Linux

Getting things done with mutt

David Allen created the <a href="http://www.davidco.com/" target="_blank">GTD (Getting Things Done)</a> work-life management system and it has really become a way of life for many people. So much so, in fact, that numerous programs are available for various operating systems: programs to aid in the categorization of e-mail messages, others for creating specialized "TODO" lists, and more. The GTD methodology can be used in many different areas and has been built upon to include concepts such as "Inbox Zero," lifehacks, and more.

David Allen created the GTD (Getting Things Done) work-life management system and it has really become a way of life for many people. So much so, in fact, that numerous programs are available for various operating systems: programs to aid in the categorization of e-mail messages, others for creating specialized "TODO" lists, and more. The GTD methodology can be used in many different areas and has been built upon to include concepts such as "Inbox Zero," lifehacks, and more.

The general idea of "Inbox Zero" is to keep your e-mail inbox empty and deal with messages as you read them: either reply, delete, or file away in a special mailbox such as "ACTION" (for later action), "RESPOND" (for later responding to messages that may require more time), and "WAITFOR" (for the messages that you can reply to quickly but still require more information before they can be acted on).

One of the most versatile e-mail programs available is the command-line client named mutt. Mutt is extremely powerful, but lacks a little when attempting to implement GTD and the "Inbox Zero" concept. With the aid of a patch that adds support for editing the X-Label header in e-mails (mutt already supports viewing and searching based on the X-Label header), implementing the "Inbox Zero" concept is a few configuration tweaks away. The original patch can be found at http://home.uchicago.edu/~dgc/mutt/ and an updated patch for mutt 1.5.16 can be found at http://linsec.ca/files/e/e3/Mutt-1.5.16-dgc-xlabel.patch.

You will need to download and patch mutt to implement this, but mutt is very easy to build and even easier to patch. Some vendors may already implement this in pre-compiled mutt packages.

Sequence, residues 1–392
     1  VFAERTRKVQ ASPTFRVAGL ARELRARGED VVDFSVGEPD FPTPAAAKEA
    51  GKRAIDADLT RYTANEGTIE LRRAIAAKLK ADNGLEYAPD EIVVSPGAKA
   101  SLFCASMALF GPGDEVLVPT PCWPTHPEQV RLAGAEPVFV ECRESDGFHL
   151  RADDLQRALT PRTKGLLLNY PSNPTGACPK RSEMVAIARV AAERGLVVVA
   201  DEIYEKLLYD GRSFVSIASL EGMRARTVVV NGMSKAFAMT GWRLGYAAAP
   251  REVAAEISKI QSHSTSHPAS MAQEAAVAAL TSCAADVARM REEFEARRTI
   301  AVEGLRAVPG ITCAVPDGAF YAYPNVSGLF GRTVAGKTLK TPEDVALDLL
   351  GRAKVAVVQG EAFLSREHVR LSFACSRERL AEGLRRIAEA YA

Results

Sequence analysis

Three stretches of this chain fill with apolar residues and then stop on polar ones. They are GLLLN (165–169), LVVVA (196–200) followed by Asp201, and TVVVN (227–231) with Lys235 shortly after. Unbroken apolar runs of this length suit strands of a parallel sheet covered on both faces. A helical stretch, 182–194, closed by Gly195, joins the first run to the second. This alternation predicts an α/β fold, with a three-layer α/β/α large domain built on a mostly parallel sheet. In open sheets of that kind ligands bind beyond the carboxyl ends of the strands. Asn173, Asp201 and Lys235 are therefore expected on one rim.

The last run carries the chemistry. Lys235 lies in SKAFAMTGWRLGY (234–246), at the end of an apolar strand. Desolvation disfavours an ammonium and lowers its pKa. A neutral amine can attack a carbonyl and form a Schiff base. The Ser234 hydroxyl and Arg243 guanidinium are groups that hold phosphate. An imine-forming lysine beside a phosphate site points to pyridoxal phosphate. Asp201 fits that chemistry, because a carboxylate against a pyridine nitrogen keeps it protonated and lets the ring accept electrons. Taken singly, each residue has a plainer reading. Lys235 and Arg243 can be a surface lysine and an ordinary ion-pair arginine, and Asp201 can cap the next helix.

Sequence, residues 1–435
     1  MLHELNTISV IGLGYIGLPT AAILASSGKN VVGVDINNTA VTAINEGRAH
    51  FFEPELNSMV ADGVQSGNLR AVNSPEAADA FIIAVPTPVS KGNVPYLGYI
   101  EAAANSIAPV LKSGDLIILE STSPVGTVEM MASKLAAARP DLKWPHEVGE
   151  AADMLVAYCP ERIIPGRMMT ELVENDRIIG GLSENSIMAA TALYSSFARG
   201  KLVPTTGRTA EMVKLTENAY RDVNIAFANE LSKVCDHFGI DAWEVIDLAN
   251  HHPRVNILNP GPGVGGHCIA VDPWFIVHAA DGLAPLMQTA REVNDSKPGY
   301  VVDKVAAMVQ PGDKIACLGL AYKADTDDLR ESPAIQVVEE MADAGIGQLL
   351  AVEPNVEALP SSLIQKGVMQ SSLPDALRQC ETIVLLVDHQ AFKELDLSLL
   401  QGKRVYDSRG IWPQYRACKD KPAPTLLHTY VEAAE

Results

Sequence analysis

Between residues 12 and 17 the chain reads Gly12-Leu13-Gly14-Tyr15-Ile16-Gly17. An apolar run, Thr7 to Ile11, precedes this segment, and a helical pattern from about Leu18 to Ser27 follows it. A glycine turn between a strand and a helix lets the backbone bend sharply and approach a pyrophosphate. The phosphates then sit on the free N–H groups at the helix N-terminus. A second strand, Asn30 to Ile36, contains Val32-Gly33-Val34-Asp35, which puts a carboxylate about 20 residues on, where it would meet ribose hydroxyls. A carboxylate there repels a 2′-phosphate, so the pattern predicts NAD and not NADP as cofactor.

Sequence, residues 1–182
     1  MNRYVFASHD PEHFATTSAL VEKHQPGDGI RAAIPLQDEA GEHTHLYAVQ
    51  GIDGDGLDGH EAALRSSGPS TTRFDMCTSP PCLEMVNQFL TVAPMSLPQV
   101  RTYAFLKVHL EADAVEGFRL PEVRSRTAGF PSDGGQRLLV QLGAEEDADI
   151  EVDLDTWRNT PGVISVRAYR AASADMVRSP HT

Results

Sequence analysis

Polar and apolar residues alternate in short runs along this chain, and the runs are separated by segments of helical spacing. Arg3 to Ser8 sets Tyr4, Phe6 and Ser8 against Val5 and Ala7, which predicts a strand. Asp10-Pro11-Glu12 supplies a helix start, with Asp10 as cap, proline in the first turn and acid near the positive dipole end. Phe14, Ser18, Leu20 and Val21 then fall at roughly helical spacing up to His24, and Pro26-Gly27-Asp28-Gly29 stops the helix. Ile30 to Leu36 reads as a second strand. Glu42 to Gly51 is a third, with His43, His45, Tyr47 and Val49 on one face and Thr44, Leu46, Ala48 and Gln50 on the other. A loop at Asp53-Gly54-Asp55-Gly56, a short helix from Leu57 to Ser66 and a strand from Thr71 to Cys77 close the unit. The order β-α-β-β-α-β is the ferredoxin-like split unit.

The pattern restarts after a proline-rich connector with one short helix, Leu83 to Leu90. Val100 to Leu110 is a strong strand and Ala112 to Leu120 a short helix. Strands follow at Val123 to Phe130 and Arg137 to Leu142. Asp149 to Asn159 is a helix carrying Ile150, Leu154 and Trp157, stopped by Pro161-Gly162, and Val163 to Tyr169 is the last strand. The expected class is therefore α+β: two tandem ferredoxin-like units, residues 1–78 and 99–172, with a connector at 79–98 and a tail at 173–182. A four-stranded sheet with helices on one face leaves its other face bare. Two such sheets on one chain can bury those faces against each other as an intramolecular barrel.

Once you have mutt compiled with the X-Label support available, modifying the ~/.muttrc file is required to implement GTD in mutt. Depending on how you have mutt configured, you may need to modify a few files, but the essential configuration items are as follows:

unignore X-Label:  # make sure to display X-Label on each message

color header            red         default '^X-Label:'

bind index  Cl         edit-label
bind pager  Cl         edit-label

mailboxes =ACTION
mailboxes =RESPOND
mailboxes =WAITFOR

macro pager "Ct"    "<save-message>=ACTION" "Save to ACTION mbox"
macro pager "Cr"    "<save-message>=RESPOND" "Save to RESPOND mbox"
macro pager "Cw"    "<save-message>=WAITFOR" "Save to WAITFOR mbox"

set index_format="%4C %Z %{%b %d %H:%M} %-20.20L [%5c] [%?Y?%-10.10y&----------?] %s"
folder-hook .                 'set index_format="%4C %Z %{%b %d %H:%M} %-20.20L
folder-hook Inbox.*           'set index_format="%4C %Z %{%b %d %H:%M} %-20.20L [%5c] [%?Y?%-10.10y&----------?] %s"'
folder-hook ACTION            'set index_format="%4C %Z %{%b %d %H:%M} %-20.20L [%5c] [%?Y?%-10.10y&----------?] %s"'
folder-hook RESPOND           'set index_format="%4C %Z %{%b %d %H:%M} %-20.20L [%5c] [%?Y?%-10.10y&----------?] %s"'
folder-hook WAITFOR           'set index_format="%4C %Z %{%b %d %H:%M} %-20.20L [%5c] [%?Y?%-10.10y&----------?] %s"'

To explain the above configuration directives, the first unignore setting is to ensure that when viewing a message, the X-Label header is shown (if set). The next option makes it red so it stands out.

The next two bind commands create two bindings of CTRL-L on both the pager and index screens as a key command to edit the X-Label header.

The mailboxes' commands define three new mailboxes: ACTION, RESPOND, and WAITFOR.

The macro lines create three new macros to save the current message to the ACTION, RESPOND, and WAITFOR mailboxes by using CTRL-T, CTRL-R, and CTRL-W respectively.

The index_format and folder-hook commands define different views depending on the current mailbox. When in any Inbox folder (Inbox.*) or the ACTION, RESPOND, or WAITFOR mailboxes, the pager will have an extra 12-character field that displays the contents of the X-Label header, if it exists. This allows you to quickly see, without viewing the e-mail itself, what the set X-Label is. Otherwise, in every other mailbox (such as sentmail, mailboxes for mailing lists, etc.) that particular field isn't shown at all. the idea is that the X-Label header will only be used on messages personally directed to you and that you are storing in one of the three defined mailboxes; thus it only needs to be viewed when you in those specific mailboxes.

The GTD and "Inbox Zero" concept are great things, but they take some time and dedication to turn them from concepts into habits. If mutt is your mail application, you don't have to change to something else to enjoy these time-saving concepts. For more information on "Inbox Zero", a series of articles are available at http://www.43folders.com/izero/.

Delivered each Tuesday, TechRepublic's free Linux NetNote provides tips, articles, and other resources to help you hone your Linux skills. Automatically sign up today!

About

Vincent Danen works on the Red Hat Security Response Team and lives in Canada. He has been writing about and developing on Linux for over 10 years and is a veteran Mac user.

0 comments

Editor's Picks